HIV Seropositivity of Needles from Shooting Galleries in South Florida
Contribution to Book
HIV transmission, Drug abuse, Florida
Needle/syringe combinations were collected from three shooting galleries in South Florida and tested for the presence of antibodies to HIV-1. Fifteen of 148 needles (10.1 percent) tested positive for HIV-1 antibody. Seropositivity rates did not vary by the day of the week of collection, nor by shooting gallery from which they were collected. When the needle appeared to contain blood residue, 20.0 percent were positive versus 5.1 percent with no blood residue. These findings suggest that needles/syringes used in shooting galleries are likely to serve as reservoirs and/or vectors of transmission of the HIV-1 virus, and that although visual inspection of the needle/syringe may be useful in lessening the chance for transmission, even the visually "clean" needles may result in transmission of infection.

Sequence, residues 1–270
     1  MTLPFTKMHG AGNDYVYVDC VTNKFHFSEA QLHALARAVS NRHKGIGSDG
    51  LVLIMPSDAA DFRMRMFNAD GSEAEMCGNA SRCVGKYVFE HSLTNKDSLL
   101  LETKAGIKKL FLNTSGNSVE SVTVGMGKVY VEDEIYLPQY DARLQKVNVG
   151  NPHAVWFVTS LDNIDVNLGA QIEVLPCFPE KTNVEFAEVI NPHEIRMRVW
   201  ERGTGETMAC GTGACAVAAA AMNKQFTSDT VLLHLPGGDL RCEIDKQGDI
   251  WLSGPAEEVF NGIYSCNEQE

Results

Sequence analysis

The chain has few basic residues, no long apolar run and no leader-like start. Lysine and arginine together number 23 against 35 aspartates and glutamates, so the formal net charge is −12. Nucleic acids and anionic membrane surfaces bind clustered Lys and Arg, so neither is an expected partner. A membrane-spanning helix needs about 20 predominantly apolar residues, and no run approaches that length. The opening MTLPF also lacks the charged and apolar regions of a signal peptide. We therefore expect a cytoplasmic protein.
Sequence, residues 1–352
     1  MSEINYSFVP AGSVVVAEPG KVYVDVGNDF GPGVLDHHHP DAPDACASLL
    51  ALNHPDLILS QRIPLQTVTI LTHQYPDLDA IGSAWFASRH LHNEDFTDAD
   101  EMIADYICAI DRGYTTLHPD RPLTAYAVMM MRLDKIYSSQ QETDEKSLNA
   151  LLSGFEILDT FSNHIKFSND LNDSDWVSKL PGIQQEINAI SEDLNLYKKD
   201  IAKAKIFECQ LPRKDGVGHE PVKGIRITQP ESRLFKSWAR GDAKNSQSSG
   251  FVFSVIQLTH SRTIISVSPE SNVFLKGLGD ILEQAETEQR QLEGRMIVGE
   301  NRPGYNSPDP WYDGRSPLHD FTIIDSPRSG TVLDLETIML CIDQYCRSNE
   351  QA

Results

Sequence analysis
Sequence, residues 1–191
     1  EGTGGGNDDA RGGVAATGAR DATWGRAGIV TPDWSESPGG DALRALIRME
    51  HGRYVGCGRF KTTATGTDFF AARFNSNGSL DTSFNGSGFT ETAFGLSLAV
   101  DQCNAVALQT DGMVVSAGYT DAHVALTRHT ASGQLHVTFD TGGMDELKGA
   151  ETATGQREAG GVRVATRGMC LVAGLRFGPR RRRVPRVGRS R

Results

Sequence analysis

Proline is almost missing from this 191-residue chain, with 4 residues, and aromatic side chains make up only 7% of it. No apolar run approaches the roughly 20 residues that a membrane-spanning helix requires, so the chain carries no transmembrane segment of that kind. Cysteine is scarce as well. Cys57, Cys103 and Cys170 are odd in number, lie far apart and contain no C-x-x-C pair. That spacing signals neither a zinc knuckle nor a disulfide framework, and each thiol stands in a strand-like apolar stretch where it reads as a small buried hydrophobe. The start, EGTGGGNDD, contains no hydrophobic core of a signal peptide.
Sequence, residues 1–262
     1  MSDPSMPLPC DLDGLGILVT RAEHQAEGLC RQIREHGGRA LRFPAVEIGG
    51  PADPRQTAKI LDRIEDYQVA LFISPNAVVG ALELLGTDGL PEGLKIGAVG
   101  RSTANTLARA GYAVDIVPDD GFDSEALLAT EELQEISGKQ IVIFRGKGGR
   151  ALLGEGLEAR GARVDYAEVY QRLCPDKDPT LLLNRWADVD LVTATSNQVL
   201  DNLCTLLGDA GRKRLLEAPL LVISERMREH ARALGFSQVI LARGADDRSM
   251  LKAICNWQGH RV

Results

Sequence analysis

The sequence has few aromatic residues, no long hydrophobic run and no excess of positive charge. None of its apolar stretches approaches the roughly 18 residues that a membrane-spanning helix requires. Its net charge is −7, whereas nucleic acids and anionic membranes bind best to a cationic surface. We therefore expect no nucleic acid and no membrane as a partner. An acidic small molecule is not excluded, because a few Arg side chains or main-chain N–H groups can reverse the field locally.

Promoting the Public Good: Policy in the Public Square and the Church
Terry-McElrath, Yvonne M., Curtis J. Vanderwaal, Alina M. Baltazar, David J. B. Trim
Avondale Academic Press
McBride, Duane C.; Chitwood, Dale D.; McCoy, Clyde B.; Inciardi, James A.; Comerford, M.; Trapido, Edward J.; McCoy, H. Virginia; Page, John Bryan; Griffin, J.; and Fletcher, Mary, "HIV Seropositivity of Needles from Shooting Galleries in South Florida" (2018). Faculty Publications. 1025.